How the Hospitality Sector is Evolving with the Consumers

Posted on 31 March, 2016 by Steph Cowie

Walking down a British high street a decade ago offered something entirely different to our shopping streets today.

How the Hospitality Sector is Evolving with the Consumers

Traditional pubs may not have been opened throughout the day and especially not in the mornings. However, a lot of pubs have stepped up to the mark over the decade, to evolve with how consumers utilise them today.

The vast majority of pub goers nowadays are using them for eating out and socialising, rather than just for a few drinks. In fact, more than half of all pub visits involve food and only a quarter of the drinks consumed are alcoholic.

Furthermore, the biggest sellers of coffee are pubs, when competing against some of the biggest mainstream coffee chains, such as Starbucks, Cafe Nero and Costa Coffee. With many pubs acquiring extended licences, they can now open from early morning and offer breakfasts to their customers who would otherwise have gone to a cafe in the past. Having your early morning coffee & food in a pub has now become a normal day to day thing.

With other parts of the hospitality sector still progressing, it has been supported by government incentives to invest in the high street. This has led the number of restaurants to rise significantly, for instance.

However, there has also been a number of negative points that have come out of this. For example, due to higher completion, commercial property prices across the sector have risen. High street businesses feel that they are easy targets when it comes to business rates, with rates and rents now accounting for more than a fifth of turnover.

The recent budget gave little benefit to the sector as business rates reforms and Corporation tax cuts do not come into emission until 2020. The introduction of stakeholder pensions and apprenticeships levies will see significant year on year increases in operating costs for pubs and restaurants.

While business rates ensure a fair contribution, internet sellers are not subject to the same business rates as those in more traditional businesses, which many people are feeling not so fair. A lot of firms want to see a rebalancing of rates as an overall business tax instead of property tax so this spreads the weight more proportionately.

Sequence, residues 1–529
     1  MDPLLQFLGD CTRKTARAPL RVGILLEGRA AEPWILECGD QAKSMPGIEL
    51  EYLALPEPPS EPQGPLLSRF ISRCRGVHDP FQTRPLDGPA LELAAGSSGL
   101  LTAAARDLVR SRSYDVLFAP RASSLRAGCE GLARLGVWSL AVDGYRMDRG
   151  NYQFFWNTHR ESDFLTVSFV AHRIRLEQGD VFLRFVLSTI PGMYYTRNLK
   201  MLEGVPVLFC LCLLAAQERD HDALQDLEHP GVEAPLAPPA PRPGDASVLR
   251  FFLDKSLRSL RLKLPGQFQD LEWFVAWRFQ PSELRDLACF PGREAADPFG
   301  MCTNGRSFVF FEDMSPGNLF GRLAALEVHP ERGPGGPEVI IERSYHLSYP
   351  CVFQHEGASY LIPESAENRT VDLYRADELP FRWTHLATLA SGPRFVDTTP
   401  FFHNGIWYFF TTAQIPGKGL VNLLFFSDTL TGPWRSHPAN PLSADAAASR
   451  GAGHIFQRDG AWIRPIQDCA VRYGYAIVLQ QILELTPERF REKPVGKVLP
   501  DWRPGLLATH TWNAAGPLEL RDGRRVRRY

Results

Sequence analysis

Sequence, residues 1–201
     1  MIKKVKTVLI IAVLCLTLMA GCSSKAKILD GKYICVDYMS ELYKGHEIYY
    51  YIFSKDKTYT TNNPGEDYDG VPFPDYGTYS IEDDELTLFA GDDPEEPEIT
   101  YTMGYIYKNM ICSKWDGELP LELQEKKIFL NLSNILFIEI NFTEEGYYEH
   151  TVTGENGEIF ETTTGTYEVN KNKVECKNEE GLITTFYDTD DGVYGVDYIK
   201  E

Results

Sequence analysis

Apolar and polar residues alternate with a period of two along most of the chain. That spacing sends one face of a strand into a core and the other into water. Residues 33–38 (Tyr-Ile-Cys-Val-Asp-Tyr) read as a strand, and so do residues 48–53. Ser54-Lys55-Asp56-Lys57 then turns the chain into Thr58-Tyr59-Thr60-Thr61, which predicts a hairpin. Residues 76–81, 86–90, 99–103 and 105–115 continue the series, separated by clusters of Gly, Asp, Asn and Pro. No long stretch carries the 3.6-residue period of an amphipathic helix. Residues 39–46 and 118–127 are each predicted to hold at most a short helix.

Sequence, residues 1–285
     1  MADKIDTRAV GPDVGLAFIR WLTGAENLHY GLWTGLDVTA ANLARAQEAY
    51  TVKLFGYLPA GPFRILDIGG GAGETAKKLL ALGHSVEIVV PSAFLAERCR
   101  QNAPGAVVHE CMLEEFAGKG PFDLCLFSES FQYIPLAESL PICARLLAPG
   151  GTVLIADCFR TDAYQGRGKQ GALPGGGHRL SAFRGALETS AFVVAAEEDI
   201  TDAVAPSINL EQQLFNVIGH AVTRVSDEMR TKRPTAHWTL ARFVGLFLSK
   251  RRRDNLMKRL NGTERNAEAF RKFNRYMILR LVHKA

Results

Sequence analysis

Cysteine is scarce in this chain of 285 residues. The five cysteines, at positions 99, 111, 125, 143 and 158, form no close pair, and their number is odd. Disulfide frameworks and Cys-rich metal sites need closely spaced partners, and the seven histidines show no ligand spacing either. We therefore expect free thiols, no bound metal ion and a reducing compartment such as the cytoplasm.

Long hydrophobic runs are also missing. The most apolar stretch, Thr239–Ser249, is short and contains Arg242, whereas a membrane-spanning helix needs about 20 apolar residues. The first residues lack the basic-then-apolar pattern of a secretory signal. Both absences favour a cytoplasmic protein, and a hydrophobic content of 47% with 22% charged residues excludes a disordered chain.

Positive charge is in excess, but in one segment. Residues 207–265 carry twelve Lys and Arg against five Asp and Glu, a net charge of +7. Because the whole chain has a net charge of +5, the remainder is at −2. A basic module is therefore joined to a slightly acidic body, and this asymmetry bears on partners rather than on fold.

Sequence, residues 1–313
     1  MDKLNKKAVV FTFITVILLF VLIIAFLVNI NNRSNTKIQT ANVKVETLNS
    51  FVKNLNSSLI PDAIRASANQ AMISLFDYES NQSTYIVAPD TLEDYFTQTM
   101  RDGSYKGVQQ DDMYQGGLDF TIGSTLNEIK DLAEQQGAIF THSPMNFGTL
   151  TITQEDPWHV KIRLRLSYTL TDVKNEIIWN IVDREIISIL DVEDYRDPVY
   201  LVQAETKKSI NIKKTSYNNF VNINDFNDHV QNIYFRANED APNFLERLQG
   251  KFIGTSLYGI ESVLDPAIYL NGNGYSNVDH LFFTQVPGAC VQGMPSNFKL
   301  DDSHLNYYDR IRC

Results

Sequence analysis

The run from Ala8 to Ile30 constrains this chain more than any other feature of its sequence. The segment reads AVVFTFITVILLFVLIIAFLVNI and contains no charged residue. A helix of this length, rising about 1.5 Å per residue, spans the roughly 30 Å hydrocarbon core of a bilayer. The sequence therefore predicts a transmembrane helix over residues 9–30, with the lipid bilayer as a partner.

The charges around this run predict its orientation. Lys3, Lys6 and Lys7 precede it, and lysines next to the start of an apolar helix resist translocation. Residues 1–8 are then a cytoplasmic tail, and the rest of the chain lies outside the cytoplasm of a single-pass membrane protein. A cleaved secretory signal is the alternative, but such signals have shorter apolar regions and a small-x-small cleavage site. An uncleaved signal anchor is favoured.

Currently, pubs and restaurants account for 5% of gross domestic product, but pay more than 10% of all business rates in the country. This means the average pub pays 15p a pint in business rates whilst a supermarket pays just 5p per pint. On-line firms only pay nominal costs due to warehouse values being far lower than prime high street property, thus making the system immensely unfair and unsustainable.

A promise had been made by the Chancellor to allow local councils to set and retain 100% of business rates but local authorities view pubs via an old-fashioned prism, giving higher priority to tech and science businesses rather than taking care of hospitality firms.

Leave a Reply

Your email address will not be published. Required fields are marked *

Recent Posts

Aldi’s Expansion Plan

British Steel on the verge of collapse with over 20,000 jobs at risk

Paris watches as flames engulf one of France’s most famous landmarks

Debenhams on the brink of administration as board reject Ashley’s bid

Emmanuel Macron pushes for a new Europe with European Parliament elections on the horizon

Brexit impacts property market

Brexit uncertainty impacts the property market


Creative Christmas window displays

Toronto downtown skyscrapers

Brief history of skyscrapers

Savvy promotions attract early Christmas sales for retailers

Are savvy promotions attracting Christmas sales for retail stores?

Greenfield developments

Greenfield developments: The facts

facts about converting chapels churches

Things to consider when investing in church or chapel conversions

Lincoln Castle 1068

Exploring Lincoln Castle’s Georgian and Victorian Prison

the leopard inn Burslem

Facts about The Leopard Inn, Stoke-on-Trent

ancient high house Stafford

The majestic Ancient High House in Stafford

retro video game arcades

Retro video game arcades: The comeback

industrial style offices

How to achieve an industrial inspired office